*Discovering Pi*

Download lesson plan and included materials

**Subject:** Mathematics

**Grade:** 4th

**Author:** Karon Nicol LeCompte, revised by Mary Rodriguez (2023)

**Time Duration:** One 45-minute class period

**Overview:** Students will experiment with the concept of pi by exploring the relationship between the circumference and diameter of circles. This lesson was designed to accompany Texas Beyond History’s Pieces of the Past lesson.

**Objective:** Students will measure the circumference of a variety of round objects, measure the diameter of the objects and discover the relationship of the circumference and diameter.

**TEKS:** *Math, Grade 4*

- (1A), apply mathematics to problems arising in everyday life, society, and the workplace
- (8A), identify relative sizes of measurement units within the customary and metric systems
- (8C), solve problems that deal with measurements of length, intervals of time, liquid volumes, mass, and money using addition, subtraction, multiplication, or division as appropriate

**Materials:**

- Comparing Diameter and Circumference handout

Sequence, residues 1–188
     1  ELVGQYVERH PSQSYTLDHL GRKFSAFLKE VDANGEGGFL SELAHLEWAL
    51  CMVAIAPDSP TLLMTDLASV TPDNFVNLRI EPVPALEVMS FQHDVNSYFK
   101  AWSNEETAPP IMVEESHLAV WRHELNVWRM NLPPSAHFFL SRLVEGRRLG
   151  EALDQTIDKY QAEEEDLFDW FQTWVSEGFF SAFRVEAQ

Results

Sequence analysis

- Pencils or markers, to mark the string
- An assortment of flat round objects that are numbered (plate, Frisbee, lids from jars, etc.)
- String
- Rulers

**Activities and Procedures:**

Step 1: Divide class into groups of two and give materials to student teams, including the handout. You may want to provide a definition of circumference and diameter.

Step 2: To measure the circumference of the circle, you can begin by wrapping the string around the edge of the circle. The student must start tracing with an end of the string. When the string starts to overlap itself, the student should mark it. Each student should then straighten the string and measure from the end to the mark.

Step 3: To measure the diameter, the student should measure across the circle (making sure that they go through the center.

Step 4: Have students measure and record each object's circumference and diameter, then divide the circumference by the diameter and record result in the "?" column.

Step 5: Have students find the average for the "?" column and compare to other groups in the class to determine a pattern. Help them see that the number is always about 3. They can continue this observation for the entire class.

**Extension Activities:** As a lead for the associated lesson, Pieces of the Past (www.texasbeyondhistory.net/teach/images/piecespast.html), discuss with students the reasons why archeologist might want to know more about pottery used by ancient peoples.

**Student Product:** Completed Comparing Diameter and Circumference Handout